This tip about telling the truth. You know – the truth, the whole truth and nothing but the truth?
One of the most valuable things we can do as researchers is to interview, or at least write to, our relatives asking them for assistance in constructing our family tree. But, as I have found out, just in the nick of time, sometimes we can’t bank on what they say. Let’s go through some scenarios.
1. Reluctant Ruby. This is the individual who you really want to help you out – she won’t. She doesn’t answer your letters, trash your e-mails and stall you on phone calls. In other words, she doesn’t want to share.
2. Selective Memory Susan. Now Susan has the answers but is unwilling to tell you the whole story. She may give you great detail about some things but conveniently skip over the “good stuff!” She might forget about the secret elopement, a dastardly divorce or some trauma that occurred in her life. You’re left with getting just part of the story.
3. Boastful Bob. Now Bob might have lived a normal and quiet life. But, he thinks that might be too boring, so he slips in some interesting and totally fictional events or awards or accomplishments. Perhaps he attended that college, but forgot to tell you he flunked out. Or maybe he won a prize at work … for being the clumsiest employee there. You get the idea. He pads his story to make it read better!
4. Lying Larry. A first cousin of Boastful Bob, he flat out invents things. Maybe he’s trying to protect himself much like Boastful Bob; perhaps in his own mind he is or has done all he tells you. But in checking dates and places, it just doesn’t add up.
5. Forgetful Fanny. Bless her heart, she’s a mere 90 years old and is supposed to have a mind as sharp as a tack. But when interviewing Fanny, there are gaps. She forgets a grandchild; doesn’t remember her Mother’s maiden name; can’t remember where great-grandpa was born. She tries, but the memory is just gone with the passing of time.
6. Finally, Guessing Gussie. Not wanting to admit she doesn’t know a detail, she will give you a lot of “about”, “I think”, “if I remember right”, “could have been”, etc. Everything you write down has a ? behind it and if you’re not careful, could really lead you on a rabbit trail where is hidden a trap.
So, how to you handle your sweet family?
1. For those that won’t share at all, there’s not much hope. Don’t pester them time and time again and just hope that sometime before you go to the great family reunion in the sky, they will have a change of heart.
2. On Susan who skips over the juicy or important events, just take what she gives you
and be thankful. Perhaps some things should be overlooked on the pages of time. Hopefully some things you will find in your own searching and even if it has to be kept private, you have it in your notes not to be published.
3. Boastful Bob – what can we say? Before putting into print or on the internet, try to verify what he said. If it’s obviously stretching the facts somewhat, you might just not put it in your records until you can find out. Remember, many people might possibly read this information later and take it as fact and it will be perpetuated for generations.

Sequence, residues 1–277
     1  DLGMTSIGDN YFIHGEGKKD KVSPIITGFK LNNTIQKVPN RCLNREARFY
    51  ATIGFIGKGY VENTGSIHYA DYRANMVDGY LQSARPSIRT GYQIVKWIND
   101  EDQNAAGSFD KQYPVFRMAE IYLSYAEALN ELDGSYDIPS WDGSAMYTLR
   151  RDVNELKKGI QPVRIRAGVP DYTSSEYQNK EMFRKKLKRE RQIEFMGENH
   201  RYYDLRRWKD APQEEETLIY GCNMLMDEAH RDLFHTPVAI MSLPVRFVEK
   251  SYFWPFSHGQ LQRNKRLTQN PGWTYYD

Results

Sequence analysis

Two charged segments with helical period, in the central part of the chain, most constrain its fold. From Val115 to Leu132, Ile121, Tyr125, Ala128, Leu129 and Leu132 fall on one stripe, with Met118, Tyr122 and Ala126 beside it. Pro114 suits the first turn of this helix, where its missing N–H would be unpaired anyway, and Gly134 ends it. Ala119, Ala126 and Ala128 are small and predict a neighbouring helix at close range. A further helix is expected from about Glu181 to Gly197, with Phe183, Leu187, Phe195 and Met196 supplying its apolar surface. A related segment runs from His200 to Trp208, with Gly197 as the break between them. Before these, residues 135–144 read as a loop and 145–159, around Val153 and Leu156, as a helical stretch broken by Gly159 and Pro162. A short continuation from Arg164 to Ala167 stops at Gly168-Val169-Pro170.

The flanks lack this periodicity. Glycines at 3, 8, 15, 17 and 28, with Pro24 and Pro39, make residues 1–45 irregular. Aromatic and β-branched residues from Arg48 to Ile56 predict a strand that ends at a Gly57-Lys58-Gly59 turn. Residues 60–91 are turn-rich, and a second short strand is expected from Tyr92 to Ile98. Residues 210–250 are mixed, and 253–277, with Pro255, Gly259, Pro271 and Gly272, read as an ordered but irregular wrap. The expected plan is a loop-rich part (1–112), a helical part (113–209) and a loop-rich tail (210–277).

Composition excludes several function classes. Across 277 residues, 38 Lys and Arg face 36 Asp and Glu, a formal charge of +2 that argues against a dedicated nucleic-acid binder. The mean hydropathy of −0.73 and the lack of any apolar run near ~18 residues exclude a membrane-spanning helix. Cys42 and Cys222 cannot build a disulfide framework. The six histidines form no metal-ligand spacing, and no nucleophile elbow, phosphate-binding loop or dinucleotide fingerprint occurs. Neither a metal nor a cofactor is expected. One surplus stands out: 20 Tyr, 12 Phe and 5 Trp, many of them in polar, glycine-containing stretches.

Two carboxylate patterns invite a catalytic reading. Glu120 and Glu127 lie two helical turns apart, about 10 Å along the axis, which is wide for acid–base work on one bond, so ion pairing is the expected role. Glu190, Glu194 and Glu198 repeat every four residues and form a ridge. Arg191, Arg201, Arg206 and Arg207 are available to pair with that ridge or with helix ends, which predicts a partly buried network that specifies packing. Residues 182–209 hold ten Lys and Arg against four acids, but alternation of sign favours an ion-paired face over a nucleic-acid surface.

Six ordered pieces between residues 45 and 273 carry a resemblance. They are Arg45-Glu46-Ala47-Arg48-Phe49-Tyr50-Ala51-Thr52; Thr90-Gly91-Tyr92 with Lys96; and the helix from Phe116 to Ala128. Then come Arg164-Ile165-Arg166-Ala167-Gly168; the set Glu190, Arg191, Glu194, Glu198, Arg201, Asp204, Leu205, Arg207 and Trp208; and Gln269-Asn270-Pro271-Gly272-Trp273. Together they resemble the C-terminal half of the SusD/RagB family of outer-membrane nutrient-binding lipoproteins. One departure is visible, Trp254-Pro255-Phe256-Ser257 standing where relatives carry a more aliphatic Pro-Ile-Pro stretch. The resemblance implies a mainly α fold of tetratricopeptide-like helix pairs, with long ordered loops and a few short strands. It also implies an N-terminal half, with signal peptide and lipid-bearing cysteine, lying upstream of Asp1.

4. Poor Lying Larry. What to do, what to do? Don’t put his lies on paper for the same reason as Bob above. If he questions why his biography is not included, don’t lie back but it is possible the printer missed something? This is a very touchy situation also as you want him included but you certainly don’t want to put out non-factual information about he or his family.
5. For Forgetful Fanny, take down all the information she gives you and plan on spending some time doing a lot of researching on your own. While you are verifying her story, you will be checking census records, wills, deeds, biographies, and Bible records to fill in the gaps she missed. Or, if you can’t find more, just put in a notation that Fanny told you this on such and such a date and the reader will need to search for additional information ---- but how much you appreciated having the chance to talk to Fanny!
6. On Guessing Gussie, you will have to use the researching techniques described in #5 and more. Where Fanny might have forgotten a few things which hopefully you can sort out – Gussie could send you to the wrong county, state; have the dates all wrong and have the wrong couples married. You will have more sorting out to do with Gussie. Again, if you can’t – note your interview and state that Gussie was very cooperative and helpful but there were some details that will need to be checked out as she was not certain.
I know we’ve all run in one or more of the relatives over the years. It’ll take some leg work, record searching and gray hairs perhaps to get the details straight. But one thing I will tell you –
Be thankful they are still alive to interview. Don’t wait until it’s too late to talk to your grandparents, great-grandparents, aunts, uncles or cousins. When they are gone, gone also is a lifetime of memories and information that cannot be recaptured. Don’t say to yourself “I’ll get around to doing my family tree when I’m older and have more time.” It doesn’t work that way.
© Copyright 8 Sept 2011, Sandra K. Gorin